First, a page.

Ideas on the ground: Local solutions for global challenges

A conversation with BMZ Head of Division Sebastian Lesch on the Innovation Challenge programme of the new Agricultural Innovation Fund.

Ich bin ein Alternativtext

Sebastian Lesch

(c) Sebastian Lesch / BMZ

Since mid 2018 Sebastian Lesch has been head of the Agriculture Department of the BMZ, which is responsible for a wide range of topics from agricultural trade and global agricultural supply chains such as soya, palm oil, cocoa or coffee, for the Common European Agricultural Policy to concrete innovation in our project work with a wide range of partners worldwide. The unit includes the flagship project of the "Green Innovation Centres" as well as international agricultural research and agrobiodiversity. Prior to this, Mr Lesch was Head of German-Egyptian Development Cooperation in Cairo for four years, from 2010 to 2014 he was Press Officer of the BMZ and before that Country Director for Central Asia and the Southern Caucasus. He studied contemporary history, international politics and international law, is married and has three sons.


Deutsche Gesellschaft für Internationale Zusammenarbeit (GIZ)


Federal Ministry for Economic Cooperation and Development



A world without hunger and with sufficient healthy food as well as climate-friendly agriculture can only be achieved if ideas are transformed into innovations and ultimately also applied. To promote innovation, the German Federal Ministry for Economic Cooperation and Development has set up the Agricultural Innovation Fund. We wanted to learn more about it and decided to talk to Sebastian Lesch, Head of Division at the Federal Ministry for Economic Cooperation and Development (BMZ).


‘The global agenda and national strategies are not the only areas with potential to make a big difference. The small but innovative ideas of people on the ground can make a decisive contribution to sustainable development. We have to find these ideas and support them so people can benefit from them and we can achieve our development goals’, said Lesch, who oversees the Agricultural Innovation Fund and has commissioned the Deutsche Gesellschaft für Internationale Zusammenarbeit (GIZ) GmbH to implement them.


This includes the Innovation Challenge - an ideas competition that was held at in March 2020. ’With the Innovation Challenge, we want to take a different approach to actively integrate people with innovative ideas from our partner countries in our developmental collaboration efforts, says Sebastian Lesch. He adds: ’We want to find the change agents and their ideas. In other words, people and projects with a pioneering spirit and the local familiarity to initiate urgently needed changes on the ground.’


’With the Innovation Challenge, we want to take a different approach to actively integrate people with innovative ideas from our partner countries in our developmental collaboration efforts.’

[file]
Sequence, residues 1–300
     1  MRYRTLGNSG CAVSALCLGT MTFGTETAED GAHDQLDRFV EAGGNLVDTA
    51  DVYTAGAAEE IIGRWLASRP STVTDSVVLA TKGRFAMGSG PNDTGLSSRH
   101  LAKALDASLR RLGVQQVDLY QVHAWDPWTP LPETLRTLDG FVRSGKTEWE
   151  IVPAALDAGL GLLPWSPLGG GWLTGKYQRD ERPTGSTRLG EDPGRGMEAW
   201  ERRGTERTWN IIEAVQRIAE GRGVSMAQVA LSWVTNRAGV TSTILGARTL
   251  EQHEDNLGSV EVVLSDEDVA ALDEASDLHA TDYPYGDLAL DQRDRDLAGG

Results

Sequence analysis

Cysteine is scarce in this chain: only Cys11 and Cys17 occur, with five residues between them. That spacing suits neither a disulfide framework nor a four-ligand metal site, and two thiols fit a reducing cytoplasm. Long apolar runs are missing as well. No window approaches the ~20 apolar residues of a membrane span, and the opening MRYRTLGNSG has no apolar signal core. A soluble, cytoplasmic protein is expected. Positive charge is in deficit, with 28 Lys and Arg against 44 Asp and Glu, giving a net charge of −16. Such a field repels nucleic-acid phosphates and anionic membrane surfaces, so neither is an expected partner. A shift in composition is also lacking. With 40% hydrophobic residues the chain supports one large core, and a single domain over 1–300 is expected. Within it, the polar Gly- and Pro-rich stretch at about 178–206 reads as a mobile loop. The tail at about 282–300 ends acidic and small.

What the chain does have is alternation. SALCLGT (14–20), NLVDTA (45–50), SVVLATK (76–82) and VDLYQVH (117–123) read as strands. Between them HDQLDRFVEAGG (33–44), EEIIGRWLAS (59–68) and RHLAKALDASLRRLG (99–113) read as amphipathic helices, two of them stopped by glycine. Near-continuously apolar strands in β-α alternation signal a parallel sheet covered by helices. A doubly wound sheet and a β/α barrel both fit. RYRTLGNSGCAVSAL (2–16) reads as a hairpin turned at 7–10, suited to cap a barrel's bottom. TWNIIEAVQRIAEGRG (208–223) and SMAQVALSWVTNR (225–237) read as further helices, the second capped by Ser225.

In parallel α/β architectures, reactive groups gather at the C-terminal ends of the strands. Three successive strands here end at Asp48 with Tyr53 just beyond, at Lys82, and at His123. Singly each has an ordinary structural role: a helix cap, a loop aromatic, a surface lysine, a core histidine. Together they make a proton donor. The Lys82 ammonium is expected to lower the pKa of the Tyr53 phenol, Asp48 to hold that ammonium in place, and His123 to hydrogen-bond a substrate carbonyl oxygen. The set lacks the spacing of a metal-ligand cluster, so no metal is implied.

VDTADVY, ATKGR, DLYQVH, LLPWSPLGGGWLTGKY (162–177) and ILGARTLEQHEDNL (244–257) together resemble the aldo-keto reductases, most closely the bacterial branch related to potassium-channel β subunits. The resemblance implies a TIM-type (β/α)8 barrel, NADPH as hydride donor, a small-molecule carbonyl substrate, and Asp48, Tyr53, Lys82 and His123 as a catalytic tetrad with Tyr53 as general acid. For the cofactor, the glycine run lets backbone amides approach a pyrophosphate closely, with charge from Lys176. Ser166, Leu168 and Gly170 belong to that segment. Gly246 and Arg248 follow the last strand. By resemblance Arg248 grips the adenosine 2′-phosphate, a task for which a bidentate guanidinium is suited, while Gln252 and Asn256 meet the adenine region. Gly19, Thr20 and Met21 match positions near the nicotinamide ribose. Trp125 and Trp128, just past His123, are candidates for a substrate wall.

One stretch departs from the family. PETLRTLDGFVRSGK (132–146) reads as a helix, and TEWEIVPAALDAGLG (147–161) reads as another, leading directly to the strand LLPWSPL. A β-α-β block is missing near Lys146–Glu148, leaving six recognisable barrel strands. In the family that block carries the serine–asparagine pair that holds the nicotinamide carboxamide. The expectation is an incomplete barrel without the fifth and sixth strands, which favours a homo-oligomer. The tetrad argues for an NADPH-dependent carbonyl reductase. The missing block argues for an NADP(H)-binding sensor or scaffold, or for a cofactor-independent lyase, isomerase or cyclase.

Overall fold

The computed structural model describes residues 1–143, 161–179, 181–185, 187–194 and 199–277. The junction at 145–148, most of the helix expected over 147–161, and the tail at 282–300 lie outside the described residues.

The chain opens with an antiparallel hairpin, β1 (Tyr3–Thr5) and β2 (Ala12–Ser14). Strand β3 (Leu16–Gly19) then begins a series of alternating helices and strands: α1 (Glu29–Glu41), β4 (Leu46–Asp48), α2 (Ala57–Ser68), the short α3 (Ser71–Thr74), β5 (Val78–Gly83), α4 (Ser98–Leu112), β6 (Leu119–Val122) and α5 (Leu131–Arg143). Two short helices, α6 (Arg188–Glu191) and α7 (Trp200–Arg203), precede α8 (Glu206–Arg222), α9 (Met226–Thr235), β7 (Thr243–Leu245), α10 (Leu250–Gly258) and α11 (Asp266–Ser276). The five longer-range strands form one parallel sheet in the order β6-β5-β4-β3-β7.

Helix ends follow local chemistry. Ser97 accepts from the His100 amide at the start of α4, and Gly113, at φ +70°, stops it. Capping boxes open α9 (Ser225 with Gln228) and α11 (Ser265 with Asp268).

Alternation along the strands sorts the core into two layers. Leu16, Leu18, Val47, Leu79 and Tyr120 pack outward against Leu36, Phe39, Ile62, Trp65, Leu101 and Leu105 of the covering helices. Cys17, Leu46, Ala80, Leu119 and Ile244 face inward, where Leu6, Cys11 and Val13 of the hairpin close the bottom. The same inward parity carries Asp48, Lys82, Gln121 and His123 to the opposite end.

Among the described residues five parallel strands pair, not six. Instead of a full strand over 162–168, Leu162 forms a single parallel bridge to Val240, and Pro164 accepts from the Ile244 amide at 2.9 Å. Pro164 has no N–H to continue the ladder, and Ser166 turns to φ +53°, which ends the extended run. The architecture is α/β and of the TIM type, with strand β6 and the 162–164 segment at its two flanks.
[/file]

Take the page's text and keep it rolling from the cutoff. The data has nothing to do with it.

The Agricultural Innovation Fund was looking for innovations from small enterprises, start-ups and smallholder organisations from GIZ partner countries that have the potential to make agriculture more efficient and sustainable along the entire value chain. The overall objective is to contribute to the fight against hunger and malnutrition and thus to the achievement of the second sustainability goal of the United Nations until 2030.


Around 1,000 applications from 44 countries in Africa and Asia were received by mid-April. Head of Division Mr Lesch was pleased with the large number of responses, because ’it shows us that we are on the right track and that the competition is the right approach’.


’It is essential that women play an active role in shaping these future solutions.’


In terms of content, it addresses three key issues for agriculture: one is mechanisation. Sebastian Lesch says: ’Mechanisation does not only make cultivation more productive, but more importantly, it can promote the processing of food and add value to it on a local level. The same applies to digitalisation‘ – the second focus of the competition. ’Digitalisation offers a wide range of possibilities for modernising processes in agriculture, like online marketing of food or digital extension services.’ The third focus of the Innovation Challenge addresses the potential of renewable energies in agriculture. It includes the question of how access to energy can be increased and greenhouse emissions kept low despite increasing productivity. It is extremely important to us that measures against climate change are always considered and integrated in all our project activities‘, says Sebastian Lesch.


Twitterauszug GIZ
Social media posts, such as this GIZ contribution on Twitter, were the focus of the communication strategy of the Innovation Challenge; the aim was to target women in particular with the ideas com-petition.

Sebastian Lesch emphasised how important it is to specifically target women with the Innovation Challenge, because they play a central role in agriculture: ’With today's innovations, we are shaping our lives of tomorrow. It is essential that women play an active role in shaping these future solutions and contribute their views and needs. That is the only way for women to benefit from new technologies in the agricultural sector.’


In the coming weeks, 15 finalists will be selected for the final round of the Innovation Challenge. In addition to the added value in terms of development policy, the focus is on originality of the innovation, good feasibility and, of course, a practicable benefit. During a public online event in September, the finalists will have the chance to win support packages worth up to 50,000 Euros. The BMZ and the Agricultural Innovation Fund wish all participants good luck!


The conversation with Head of Division Sebastian Lesch was conducted online by Sarah-Kay Schotte (GIZ) on 30 April 2020.


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